Coming up: The IEEE Communication Theory Technical Committee (CTTC) invites you to the “2+1” online event
Title: Massive Random Access
Date/Time: March 10, 2023 16:00 – 17:30 CET (GMT+1)
To attend the event, register by filling the following form (registration deadline March 7, 16:00 CET): CLOSED
Question Collection Link before the seminar
Detailed Agenda (time in CET)
|16:00-16:05||Welcome Speech, by Petar Popovski|
|16:05-16:25||Invited Talk I on Massive RA by Maxime Guillaud|
|16:25-16:45||Invited Talk II on Massive RA by Krishna Narayanan|
|16:45-17:30||Panel Discussions and Questions (Including the ones collected already). Moderator: Petar Popovski|
Invited Talk I: Towards Practical Massive Random Access, by Maxime Guillaud (Inria, France)
In multi-user wireless communications, random access departs from the classical set-up of multiple access in the fact that the number and identity of the active transmitters are unknown to the receiver (typically because the sporadic nature of the traffic does not allow for coordination between transmitters). This is a significant departure from the well-understood multiple access schemes (including non-orthogonal multiple access, NOMA). Random access arises e.g. in massive internet-of-things, ultra-reliable and low-latency communications, and non-terrestrial networks applications. This talk will outline why, compared to multiple access, multi-user decoding in random access scenarios is markedly more difficult, and requires to revise some of the basic assumptions that underpin modern multi-user communications systems, such as the pre-existence of synchronization and timing offset compensation, or centralized assignment of pilot sequences. Scenarios of practical interest will be discussed, including fading and multiple-antenna channels, and synchronization impairments. In particular, I will focus on massive random access, which explicitly considers the high-contention regime, i.e. the case where the number of simultaneously active transmitters can be very large, and discuss some of the practical waveforms and coding approaches that have been proposed in practice to solve this problem.
Dr. Maxime Guillaud is a senior researcher at Inria in the MARACAS team in Lyon, France. He has over 20 years of expertise in the domain of wireless communications in both academic and industrial research environments. He received the Ph.D. degree in electrical engineering and communications from EURECOM and Telecom ParisTech in 2005. From 2000 to 2001, he was a Research Engineer with Lucent Bell Laboratories, Holmdel, NJ. From 2006 to 2010, he was a Senior Researcher with FTW, Austria. From 2010 to 2014, he was a research associate at Vienna University of Technology. From 2014 to 2022, he was with Huawei Technologies. His expertise lies the physical layer of radio access networks, including transceiver algorithms, channel modeling, and modulation design.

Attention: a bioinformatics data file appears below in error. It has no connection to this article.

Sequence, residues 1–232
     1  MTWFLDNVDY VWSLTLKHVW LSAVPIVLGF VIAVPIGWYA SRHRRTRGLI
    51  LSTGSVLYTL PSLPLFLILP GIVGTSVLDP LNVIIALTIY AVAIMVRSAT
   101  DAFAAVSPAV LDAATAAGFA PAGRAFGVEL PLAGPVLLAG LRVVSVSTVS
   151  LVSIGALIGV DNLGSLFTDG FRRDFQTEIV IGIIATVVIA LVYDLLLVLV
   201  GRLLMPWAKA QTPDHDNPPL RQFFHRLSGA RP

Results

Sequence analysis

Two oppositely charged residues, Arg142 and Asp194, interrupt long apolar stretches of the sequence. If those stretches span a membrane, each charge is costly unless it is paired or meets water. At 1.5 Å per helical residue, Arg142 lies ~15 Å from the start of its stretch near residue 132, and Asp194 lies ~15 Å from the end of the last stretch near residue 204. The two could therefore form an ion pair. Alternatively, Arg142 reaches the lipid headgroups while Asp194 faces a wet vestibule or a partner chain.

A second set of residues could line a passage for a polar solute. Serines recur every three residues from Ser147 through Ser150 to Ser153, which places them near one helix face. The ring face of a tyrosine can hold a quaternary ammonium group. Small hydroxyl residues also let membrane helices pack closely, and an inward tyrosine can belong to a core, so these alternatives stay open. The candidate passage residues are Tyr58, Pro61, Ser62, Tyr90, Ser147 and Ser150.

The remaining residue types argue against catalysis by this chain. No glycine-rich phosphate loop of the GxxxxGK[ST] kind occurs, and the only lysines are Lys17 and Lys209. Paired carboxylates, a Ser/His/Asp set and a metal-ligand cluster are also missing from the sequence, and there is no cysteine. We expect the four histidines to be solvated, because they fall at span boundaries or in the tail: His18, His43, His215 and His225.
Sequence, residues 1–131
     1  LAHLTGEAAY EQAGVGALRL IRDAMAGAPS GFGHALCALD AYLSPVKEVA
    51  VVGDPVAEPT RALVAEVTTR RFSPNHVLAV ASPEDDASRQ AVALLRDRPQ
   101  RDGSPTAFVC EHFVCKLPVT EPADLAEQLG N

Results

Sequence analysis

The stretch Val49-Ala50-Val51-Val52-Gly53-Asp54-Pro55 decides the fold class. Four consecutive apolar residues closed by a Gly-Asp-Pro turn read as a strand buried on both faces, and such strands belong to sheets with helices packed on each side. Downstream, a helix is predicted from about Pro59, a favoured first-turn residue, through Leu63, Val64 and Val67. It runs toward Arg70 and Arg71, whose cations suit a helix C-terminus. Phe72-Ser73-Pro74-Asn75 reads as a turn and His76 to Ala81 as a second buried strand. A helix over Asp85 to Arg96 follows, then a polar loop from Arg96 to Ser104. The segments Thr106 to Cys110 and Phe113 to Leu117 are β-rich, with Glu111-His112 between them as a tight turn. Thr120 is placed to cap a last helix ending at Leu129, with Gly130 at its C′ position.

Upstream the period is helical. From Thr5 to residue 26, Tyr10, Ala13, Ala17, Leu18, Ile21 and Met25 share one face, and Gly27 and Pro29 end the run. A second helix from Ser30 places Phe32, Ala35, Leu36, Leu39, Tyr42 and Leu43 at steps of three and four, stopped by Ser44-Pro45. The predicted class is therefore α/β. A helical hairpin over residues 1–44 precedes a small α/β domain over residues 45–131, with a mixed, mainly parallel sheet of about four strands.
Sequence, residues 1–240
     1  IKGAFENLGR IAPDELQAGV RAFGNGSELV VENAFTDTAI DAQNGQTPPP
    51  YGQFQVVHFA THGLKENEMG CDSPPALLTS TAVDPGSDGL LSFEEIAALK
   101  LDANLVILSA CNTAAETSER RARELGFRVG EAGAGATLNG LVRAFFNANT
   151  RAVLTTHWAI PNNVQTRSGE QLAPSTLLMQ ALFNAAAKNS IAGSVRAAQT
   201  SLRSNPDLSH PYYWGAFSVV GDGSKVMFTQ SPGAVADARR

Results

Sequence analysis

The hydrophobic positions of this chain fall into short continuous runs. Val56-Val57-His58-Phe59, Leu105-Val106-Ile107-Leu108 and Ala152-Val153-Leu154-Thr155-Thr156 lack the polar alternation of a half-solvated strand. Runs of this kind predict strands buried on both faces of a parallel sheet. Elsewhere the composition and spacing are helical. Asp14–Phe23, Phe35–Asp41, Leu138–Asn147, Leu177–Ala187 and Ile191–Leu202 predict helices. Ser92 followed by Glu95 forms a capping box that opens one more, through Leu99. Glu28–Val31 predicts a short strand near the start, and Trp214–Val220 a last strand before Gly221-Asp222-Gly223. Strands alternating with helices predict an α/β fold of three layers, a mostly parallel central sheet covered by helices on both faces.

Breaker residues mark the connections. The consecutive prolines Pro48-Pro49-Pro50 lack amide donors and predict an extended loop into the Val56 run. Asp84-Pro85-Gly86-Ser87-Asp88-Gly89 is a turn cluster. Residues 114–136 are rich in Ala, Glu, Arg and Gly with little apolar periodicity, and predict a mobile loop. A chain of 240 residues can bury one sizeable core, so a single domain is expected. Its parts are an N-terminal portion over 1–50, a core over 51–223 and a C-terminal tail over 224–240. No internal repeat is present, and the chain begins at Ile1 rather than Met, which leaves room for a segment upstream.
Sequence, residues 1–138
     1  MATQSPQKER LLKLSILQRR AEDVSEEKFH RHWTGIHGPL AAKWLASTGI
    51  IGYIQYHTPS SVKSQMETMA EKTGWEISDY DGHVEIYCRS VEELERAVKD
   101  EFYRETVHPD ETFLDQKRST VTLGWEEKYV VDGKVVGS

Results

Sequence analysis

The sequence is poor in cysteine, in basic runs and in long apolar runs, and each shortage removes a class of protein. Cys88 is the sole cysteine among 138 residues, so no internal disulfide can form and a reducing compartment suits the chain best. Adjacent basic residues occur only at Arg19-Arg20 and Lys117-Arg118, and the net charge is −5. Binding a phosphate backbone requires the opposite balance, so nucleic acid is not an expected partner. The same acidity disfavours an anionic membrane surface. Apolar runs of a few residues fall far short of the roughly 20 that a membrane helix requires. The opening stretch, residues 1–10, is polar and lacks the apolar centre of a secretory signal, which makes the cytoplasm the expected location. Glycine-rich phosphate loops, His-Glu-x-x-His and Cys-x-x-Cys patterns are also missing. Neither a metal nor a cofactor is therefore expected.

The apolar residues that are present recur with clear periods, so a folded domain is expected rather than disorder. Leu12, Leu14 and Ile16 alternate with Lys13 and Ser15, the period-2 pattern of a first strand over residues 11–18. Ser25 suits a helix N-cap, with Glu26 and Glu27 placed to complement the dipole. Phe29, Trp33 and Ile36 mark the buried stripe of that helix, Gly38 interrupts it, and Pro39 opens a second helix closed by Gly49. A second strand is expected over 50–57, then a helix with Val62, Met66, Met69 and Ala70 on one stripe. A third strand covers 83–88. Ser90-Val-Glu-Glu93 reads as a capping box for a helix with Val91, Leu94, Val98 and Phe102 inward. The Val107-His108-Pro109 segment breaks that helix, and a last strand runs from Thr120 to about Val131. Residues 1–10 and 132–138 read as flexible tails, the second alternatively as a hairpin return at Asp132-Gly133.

Invited Talk II: Connections between Unsourced Random Access and Sparse Recovery, by Krishna Narayanan (Texas A&M University, USA)
Multiple access communication has been studied extensively in information theory and wireless communications for several decades. Simultaneously, sparse recovery problems including compressed sensing, group testing, and data stream computing have also been studied in depth within their respective research communities. Although connections between multiple access and sparse recovery were pointed out as early as the 1980s, these fields have emerged mostly independently. A particular version of multiple access communication, called unsourced multiple access has become very popular recently due to its relevance for the Internet of Things and Grant-free multiple access in 5G cellular standards. Developments in unsourced multiple access have strengthened the connections between these fields. I will discuss how ideas from sparse recovery have influenced the development of coding and decoding schemes for unsourced multiple access. If time permits, I will briefly discuss how developments in unsourced random access have influenced the design of schemes for sparse recovery in very high dimensions.
This is joint work with Prof. Jean-Francois Chamberland and several former and current graduate students at Texas A&M University.
Krishna Narayanan is the Eric D. Rubin professor in the Electrical and Computer Engineering department at Texas A&M University. His recent research interests have been in coding theory, massive multiple access for IoT, coded distributed computing, machine learning for joint source channel coding, and graph neural networks. He is a Fellow of IEEE and he recently received the 2022 joint communications society and information theory best paper award and 2020 best paper award in data storage from IEEE communications society.
Past 2+1 Events